Great Schools Partnership

Planning for Proficiency: Verification of Graduation Standards

This is the sixth brief in a thirteen-part series designed to inform Maine school leaders as they work to develop and implement their proficiency-based learning system.

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What You Need to Know

  • Graduation standards reflect the broad, integrated concepts of each discipline and require students to demonstrate, apply, and evaluate knowledge in multiple ways.
  • Schools should limit the number of graduation standards to 5–8 per content area.
  • Grade-tracking systems must have the flexibility to record assessment results by performance indicator and accommodate multiple attempts.

What You Need to Do

  • Ensure that your verification system does not disadvantage any students who may struggle with early demonstration tasks, but does provide opportunities for students who may learn at different paces and in different ways.
  • Communicate to stakeholders an explanation of how your graduation standards are verified, including the role of capstone projects and portfolios in the assessment process.

Spring 2017

Reminder: The steps we recommend and the resources we provide are grounded in the PBL Simplified Model we have created and assume a general level of familiarity with it.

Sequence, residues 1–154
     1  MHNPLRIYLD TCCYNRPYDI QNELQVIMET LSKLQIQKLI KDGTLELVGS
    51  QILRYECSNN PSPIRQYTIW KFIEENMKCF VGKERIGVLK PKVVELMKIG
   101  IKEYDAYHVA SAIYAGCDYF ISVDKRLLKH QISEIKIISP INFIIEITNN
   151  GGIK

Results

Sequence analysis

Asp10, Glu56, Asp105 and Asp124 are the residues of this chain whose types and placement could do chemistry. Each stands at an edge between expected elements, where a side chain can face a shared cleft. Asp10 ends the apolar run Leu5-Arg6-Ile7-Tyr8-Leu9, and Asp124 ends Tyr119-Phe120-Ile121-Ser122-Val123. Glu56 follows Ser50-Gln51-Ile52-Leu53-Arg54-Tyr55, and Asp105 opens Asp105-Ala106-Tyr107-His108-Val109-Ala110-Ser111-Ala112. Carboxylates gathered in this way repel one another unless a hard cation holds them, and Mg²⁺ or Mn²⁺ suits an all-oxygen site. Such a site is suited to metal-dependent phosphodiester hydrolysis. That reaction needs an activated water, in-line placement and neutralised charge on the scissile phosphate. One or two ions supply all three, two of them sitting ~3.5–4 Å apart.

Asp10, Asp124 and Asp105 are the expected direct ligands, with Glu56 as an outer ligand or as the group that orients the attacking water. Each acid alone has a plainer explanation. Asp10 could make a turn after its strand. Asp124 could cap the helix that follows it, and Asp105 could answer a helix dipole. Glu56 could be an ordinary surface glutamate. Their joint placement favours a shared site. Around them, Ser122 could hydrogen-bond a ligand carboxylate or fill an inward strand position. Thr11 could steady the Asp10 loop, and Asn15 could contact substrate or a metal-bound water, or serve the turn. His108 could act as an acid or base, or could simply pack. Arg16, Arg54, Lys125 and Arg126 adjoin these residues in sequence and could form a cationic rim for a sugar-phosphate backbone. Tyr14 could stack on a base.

To earn a high school diploma, students must develop and demonstrate both a strong knowledge base and a deep level of conceptual understanding of each required graduation standard. There are actually two verification steps used in a proficiency-based learning system. First, throughout a grading period, teachers accumulate summative assessment scores of student achievement on performance indicators. The collection of these values is aggregated to generate a score that represents student achievement on each performance indicator. Second, the graduation standard score is then derived using the collection of aggregated scores from the performance indicators related to that standard. This information brief focuses on the second step in this process, the determination of graduation standard achievement. This may be accomplished in two primary ways, with some variations: a body of evidence verification or mathematical verification. Some schools use a hybrid of these two approaches as described below.